New minors approved by Board of Regents

Monica Kast

The Board of Regents has approved several new academic programs for the Spring 2016 semester.

At the first Board of Regents meeting of the year on Jan. 29, the board approved a new minor in photojournalism and a new graduate certificate in elementary math specialization. According to the minutes from the meeting, both programs have a spring 2016 implementation date. President Gary Ransdell recommended approval of both programs.

According to the Academic Affairs portion of the minutes, “the proposed minor in photojournalism will complement a wide variety of area of study at the university.” The minor was approved and will be implemented this semester.

The minor will require a minimum of 21 credit hours, including 15 hours of core courses and six hours of electives. The projected enrollment for the photojournalism minor is 30 students, according to the proposal. The proposal was approved by the School of Journalism and Broadcasting Committee on March 24, 2015, as well as several other committees within WKU. It was approved by the provost on Oct. 30, 2015.

“Since photography can be applied to a wide range of disciplines from across the university, there has been significant interest in a minor in photojournalism from students within the university, as well as those who are interested in attending WKU, who want to apply photography skills to their chosen major,” the proposal reads.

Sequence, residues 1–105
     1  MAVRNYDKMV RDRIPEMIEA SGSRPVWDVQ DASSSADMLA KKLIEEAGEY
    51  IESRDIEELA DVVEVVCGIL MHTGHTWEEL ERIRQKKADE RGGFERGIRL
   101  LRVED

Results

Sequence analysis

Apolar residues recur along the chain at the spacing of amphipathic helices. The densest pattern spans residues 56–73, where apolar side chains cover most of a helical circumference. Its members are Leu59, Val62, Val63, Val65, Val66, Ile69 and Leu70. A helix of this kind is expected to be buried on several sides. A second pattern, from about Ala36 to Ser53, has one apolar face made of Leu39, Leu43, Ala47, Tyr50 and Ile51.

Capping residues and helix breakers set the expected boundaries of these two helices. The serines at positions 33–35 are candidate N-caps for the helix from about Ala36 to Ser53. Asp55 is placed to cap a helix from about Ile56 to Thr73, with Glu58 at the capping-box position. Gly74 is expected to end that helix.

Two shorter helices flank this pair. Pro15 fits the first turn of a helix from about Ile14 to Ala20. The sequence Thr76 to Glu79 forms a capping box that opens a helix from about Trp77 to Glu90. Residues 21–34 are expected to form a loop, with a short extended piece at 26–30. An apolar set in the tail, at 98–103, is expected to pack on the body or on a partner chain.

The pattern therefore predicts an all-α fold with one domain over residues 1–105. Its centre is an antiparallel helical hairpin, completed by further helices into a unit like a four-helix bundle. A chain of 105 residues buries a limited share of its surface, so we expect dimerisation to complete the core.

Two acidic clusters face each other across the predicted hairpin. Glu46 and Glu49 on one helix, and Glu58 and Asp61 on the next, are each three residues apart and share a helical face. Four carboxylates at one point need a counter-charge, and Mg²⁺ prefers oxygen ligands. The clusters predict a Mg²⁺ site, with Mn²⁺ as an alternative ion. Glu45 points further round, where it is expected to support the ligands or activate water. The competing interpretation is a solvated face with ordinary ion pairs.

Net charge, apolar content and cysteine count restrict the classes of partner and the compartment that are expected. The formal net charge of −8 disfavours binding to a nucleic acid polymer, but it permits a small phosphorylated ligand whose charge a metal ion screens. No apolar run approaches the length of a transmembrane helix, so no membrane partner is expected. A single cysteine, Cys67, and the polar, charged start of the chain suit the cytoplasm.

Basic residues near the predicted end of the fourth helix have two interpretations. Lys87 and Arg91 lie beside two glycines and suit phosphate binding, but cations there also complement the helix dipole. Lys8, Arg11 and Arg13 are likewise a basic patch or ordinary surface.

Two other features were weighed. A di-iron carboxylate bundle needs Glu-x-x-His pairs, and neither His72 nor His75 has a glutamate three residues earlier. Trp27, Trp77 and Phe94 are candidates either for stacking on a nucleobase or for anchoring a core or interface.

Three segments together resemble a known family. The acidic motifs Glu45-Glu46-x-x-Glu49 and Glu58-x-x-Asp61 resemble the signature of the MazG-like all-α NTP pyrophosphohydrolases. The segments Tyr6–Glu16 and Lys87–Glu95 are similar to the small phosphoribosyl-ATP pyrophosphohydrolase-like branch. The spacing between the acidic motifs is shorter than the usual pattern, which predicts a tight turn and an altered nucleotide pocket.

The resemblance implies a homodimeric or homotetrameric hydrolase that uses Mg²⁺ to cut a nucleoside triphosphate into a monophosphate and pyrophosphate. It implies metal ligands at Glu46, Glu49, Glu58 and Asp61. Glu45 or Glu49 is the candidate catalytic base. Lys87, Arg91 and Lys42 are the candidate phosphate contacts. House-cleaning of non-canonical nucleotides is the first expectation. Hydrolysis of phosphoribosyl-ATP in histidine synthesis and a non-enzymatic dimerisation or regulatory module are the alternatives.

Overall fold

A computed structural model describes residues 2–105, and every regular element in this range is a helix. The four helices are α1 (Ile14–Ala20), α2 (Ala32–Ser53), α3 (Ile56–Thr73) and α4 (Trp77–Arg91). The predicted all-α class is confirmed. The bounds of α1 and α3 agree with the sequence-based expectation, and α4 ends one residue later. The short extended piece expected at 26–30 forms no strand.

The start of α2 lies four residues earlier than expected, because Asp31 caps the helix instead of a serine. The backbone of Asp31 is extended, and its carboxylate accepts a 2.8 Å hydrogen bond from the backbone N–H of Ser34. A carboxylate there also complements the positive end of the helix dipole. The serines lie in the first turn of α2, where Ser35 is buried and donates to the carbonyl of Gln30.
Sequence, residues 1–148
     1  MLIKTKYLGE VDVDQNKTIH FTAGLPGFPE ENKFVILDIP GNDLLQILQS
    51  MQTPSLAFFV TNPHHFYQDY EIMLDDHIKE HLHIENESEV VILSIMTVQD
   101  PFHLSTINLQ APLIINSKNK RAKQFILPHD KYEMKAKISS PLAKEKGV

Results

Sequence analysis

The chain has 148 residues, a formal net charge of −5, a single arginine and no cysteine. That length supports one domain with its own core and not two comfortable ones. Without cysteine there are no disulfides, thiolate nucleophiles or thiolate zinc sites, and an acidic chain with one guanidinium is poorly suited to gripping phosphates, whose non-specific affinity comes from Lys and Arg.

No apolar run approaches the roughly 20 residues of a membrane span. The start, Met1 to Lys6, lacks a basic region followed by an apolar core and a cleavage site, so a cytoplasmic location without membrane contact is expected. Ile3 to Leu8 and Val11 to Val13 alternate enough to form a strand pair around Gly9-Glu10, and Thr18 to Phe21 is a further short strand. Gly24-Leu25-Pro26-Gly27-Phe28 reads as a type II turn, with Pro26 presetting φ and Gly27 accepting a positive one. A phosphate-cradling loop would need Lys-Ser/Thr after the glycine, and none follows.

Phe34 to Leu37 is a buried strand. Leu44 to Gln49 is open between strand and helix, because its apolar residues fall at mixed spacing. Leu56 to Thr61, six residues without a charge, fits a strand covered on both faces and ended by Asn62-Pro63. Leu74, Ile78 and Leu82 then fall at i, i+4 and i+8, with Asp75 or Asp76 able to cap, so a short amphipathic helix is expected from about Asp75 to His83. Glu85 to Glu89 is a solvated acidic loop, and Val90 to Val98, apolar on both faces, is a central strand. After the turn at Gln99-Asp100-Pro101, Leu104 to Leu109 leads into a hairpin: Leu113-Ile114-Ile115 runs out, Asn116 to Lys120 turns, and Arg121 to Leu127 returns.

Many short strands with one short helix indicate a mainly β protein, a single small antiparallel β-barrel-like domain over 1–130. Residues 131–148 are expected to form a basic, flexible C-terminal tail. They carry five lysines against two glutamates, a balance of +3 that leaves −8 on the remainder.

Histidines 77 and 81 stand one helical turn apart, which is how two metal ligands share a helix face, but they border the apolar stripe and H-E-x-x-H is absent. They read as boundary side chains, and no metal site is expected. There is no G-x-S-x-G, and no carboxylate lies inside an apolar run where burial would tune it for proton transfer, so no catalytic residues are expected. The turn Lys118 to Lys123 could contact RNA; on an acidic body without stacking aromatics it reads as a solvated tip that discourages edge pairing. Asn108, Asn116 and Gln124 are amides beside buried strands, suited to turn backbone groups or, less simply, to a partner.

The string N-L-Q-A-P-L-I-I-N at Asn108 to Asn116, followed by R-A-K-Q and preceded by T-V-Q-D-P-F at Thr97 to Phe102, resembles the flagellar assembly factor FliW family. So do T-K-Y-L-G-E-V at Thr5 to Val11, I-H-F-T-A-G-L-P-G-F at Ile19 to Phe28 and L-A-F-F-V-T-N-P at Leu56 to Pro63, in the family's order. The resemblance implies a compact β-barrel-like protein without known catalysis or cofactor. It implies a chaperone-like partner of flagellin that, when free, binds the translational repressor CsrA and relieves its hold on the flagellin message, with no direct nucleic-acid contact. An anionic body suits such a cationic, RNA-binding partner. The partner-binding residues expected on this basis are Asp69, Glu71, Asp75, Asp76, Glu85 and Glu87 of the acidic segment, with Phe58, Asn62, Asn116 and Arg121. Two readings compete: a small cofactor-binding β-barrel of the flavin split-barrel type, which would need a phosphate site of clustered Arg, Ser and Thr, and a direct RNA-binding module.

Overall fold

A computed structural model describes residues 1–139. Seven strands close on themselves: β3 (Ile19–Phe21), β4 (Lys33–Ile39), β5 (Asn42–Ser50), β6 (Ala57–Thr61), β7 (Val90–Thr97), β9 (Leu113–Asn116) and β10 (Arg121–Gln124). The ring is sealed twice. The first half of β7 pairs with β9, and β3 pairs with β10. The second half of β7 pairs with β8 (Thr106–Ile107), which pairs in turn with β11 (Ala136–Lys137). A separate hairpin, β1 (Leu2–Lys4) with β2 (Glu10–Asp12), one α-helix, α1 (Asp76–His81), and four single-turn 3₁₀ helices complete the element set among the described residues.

According to the board’s budget, the Board of Regents also approved “a new graduate certificate in Elementary Math Specialization” to be offered through the School of Teacher Education.

“Many education scholars have made the case that practicing elementary school teachers are not adequately prepared to meet the demands for increasing student achievement in mathematics,” the proposal reads.

Janet Lynne Tassell, an associate professor in the School of Teacher Education, said the program was highly requested by students.

“I had teachers from all levels for various reasons contact me,” Tassell said. “They all have a want to learn more about elementary mathematics, to meet the needs of their students.”

This certification will require 15 credit hours. Implementation begins this semester, and the required courses are already being taught by existing faculty.

Tassell said that the program comes at very little cost to the university in a high-need area.

“It’s a growth opportunity for us, and we’re excited about that,” Tassell said. “We didn’t need more staffing to make this happen we already have it in place.”